Prince Charles was appointed Colonel-in-Chief of the Gordon Highlanders in 1977. The last person to hold this position was his great uncle HRH Henry, Duke of Gloucester who died in 1974. When the Gordons became a battalion of The Highlanders in 1994, Charles was relegated to Deputy Colonel-in-Chief since his mother was Colonel-in-Chief of all the battalions. He remained in that post until the further amalgamation of all the Scottish regiments in 2006.
The photo is taken from the Sunday Times, June 1994 at a veteran's parade in Seaton Park, Aberdeen. Prince Charles and General Sir Peter Graham, the last Colonel of the Gordon Highlanders look cheerful enough, but the regiment was facing its last few months of existence as an independent regiment before Formation Day on 17th Sept 1994. Both men are wearing regimental khaki service dress with colonel's rank badges on their shoulder straps. Charles, strangely, has Sphinx collar badges which are not part of the uniform.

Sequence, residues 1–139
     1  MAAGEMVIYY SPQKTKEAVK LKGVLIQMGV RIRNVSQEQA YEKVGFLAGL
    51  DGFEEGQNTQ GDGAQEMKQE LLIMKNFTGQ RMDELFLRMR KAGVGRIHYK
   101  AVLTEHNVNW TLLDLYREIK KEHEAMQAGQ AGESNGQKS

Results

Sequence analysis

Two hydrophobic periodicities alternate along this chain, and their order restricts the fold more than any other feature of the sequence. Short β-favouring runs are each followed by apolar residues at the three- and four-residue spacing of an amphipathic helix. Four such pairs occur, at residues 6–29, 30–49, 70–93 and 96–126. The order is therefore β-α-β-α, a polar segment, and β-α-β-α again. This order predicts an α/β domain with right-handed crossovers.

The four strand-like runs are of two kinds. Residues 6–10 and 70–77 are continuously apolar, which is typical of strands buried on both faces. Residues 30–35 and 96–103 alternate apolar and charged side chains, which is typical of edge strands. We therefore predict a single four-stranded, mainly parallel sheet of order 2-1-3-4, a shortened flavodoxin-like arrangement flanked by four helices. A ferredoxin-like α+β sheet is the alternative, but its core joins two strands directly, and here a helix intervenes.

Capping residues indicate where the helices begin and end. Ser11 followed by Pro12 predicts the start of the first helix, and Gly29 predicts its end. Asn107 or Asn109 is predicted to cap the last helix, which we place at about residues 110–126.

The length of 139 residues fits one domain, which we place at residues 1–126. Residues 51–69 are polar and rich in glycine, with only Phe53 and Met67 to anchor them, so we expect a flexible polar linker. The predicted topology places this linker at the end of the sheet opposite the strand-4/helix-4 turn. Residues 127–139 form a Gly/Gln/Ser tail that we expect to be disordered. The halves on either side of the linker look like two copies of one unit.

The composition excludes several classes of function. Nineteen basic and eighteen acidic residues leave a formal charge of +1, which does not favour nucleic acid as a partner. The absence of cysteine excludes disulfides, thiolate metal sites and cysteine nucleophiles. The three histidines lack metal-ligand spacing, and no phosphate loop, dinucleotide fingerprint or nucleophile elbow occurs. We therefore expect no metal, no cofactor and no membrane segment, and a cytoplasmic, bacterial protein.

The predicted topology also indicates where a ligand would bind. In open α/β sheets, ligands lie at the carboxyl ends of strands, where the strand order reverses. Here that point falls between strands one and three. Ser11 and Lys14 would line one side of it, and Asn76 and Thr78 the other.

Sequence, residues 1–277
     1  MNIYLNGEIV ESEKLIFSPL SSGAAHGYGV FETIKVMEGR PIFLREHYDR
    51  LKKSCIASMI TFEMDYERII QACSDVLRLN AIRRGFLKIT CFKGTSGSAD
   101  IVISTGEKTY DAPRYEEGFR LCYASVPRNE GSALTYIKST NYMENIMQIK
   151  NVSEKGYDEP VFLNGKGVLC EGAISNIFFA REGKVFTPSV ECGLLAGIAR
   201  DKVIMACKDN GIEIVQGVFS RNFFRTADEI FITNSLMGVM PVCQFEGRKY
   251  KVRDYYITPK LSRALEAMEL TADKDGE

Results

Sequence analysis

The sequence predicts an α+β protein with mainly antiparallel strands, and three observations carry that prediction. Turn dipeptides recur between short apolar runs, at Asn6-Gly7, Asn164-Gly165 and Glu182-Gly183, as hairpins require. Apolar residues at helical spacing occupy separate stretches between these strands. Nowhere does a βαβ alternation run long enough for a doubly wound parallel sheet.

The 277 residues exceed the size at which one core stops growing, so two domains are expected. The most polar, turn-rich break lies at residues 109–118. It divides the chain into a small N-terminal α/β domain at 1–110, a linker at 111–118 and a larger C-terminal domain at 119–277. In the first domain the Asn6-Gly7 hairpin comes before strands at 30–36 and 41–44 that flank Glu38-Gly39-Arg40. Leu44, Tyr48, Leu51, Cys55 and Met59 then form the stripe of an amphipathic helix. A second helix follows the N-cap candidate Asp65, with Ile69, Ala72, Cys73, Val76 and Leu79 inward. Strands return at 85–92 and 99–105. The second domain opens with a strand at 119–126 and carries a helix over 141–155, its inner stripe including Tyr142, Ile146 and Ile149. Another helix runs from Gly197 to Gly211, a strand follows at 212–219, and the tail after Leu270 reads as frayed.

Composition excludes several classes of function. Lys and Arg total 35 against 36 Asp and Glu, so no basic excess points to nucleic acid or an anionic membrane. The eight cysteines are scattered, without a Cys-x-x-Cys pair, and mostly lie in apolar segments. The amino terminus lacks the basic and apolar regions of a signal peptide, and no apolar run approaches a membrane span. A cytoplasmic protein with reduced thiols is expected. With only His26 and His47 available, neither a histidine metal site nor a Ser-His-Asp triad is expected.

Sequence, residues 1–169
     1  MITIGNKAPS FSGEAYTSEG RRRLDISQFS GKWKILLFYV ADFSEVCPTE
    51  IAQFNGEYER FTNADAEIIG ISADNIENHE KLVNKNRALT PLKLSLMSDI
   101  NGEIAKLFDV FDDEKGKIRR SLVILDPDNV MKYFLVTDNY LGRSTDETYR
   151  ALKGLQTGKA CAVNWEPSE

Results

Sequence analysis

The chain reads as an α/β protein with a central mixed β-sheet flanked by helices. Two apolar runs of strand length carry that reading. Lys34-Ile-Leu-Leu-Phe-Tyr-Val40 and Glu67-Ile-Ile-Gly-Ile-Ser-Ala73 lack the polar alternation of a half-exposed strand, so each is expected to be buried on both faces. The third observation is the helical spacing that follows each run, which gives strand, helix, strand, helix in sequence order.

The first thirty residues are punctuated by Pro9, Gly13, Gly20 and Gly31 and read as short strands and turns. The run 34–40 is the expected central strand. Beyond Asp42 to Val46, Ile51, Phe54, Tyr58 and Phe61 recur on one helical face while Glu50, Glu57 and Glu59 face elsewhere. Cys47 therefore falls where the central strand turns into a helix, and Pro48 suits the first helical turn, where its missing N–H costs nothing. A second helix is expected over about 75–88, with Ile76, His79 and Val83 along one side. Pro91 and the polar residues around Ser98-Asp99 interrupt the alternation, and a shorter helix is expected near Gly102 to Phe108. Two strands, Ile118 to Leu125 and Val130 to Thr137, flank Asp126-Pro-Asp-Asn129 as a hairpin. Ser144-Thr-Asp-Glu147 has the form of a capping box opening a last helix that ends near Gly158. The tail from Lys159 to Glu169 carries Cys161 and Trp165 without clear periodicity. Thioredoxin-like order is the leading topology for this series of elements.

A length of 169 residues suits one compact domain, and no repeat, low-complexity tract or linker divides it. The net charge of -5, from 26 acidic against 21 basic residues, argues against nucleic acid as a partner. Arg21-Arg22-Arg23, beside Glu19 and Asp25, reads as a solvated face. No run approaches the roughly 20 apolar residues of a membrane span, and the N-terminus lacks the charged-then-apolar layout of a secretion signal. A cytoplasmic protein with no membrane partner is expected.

An article in the Journal of the Society for Army Historical Research no 257 (Spring 1986) by R G Harris lists the regiments patronised by Royal personages. He begins the piece by referring to an illustrated article in the Telegraph Sunday Magazine of 13th Nov 1983 which discusses Prince Charles's uniforms. At that time he had nearly 100 for the three services. 'Accompanying the article were photos of the Prince in a variety of these uniforms, 19 of which he wore during a morning session at Kensington Palace, posing and changing continually for a collection of official photographs, an operation that took 4 hours. Included in the Prince's wardrobe are 8 uniforms of the Royal Navy, 8 of a Colonel of the Welsh Guards, and he is also Colonel-in-Chief of 9 regiments; four various orders of dress are required for each regiment, as well as those for the RAF at home and overseas.'
Regimental details | Colonels in Chief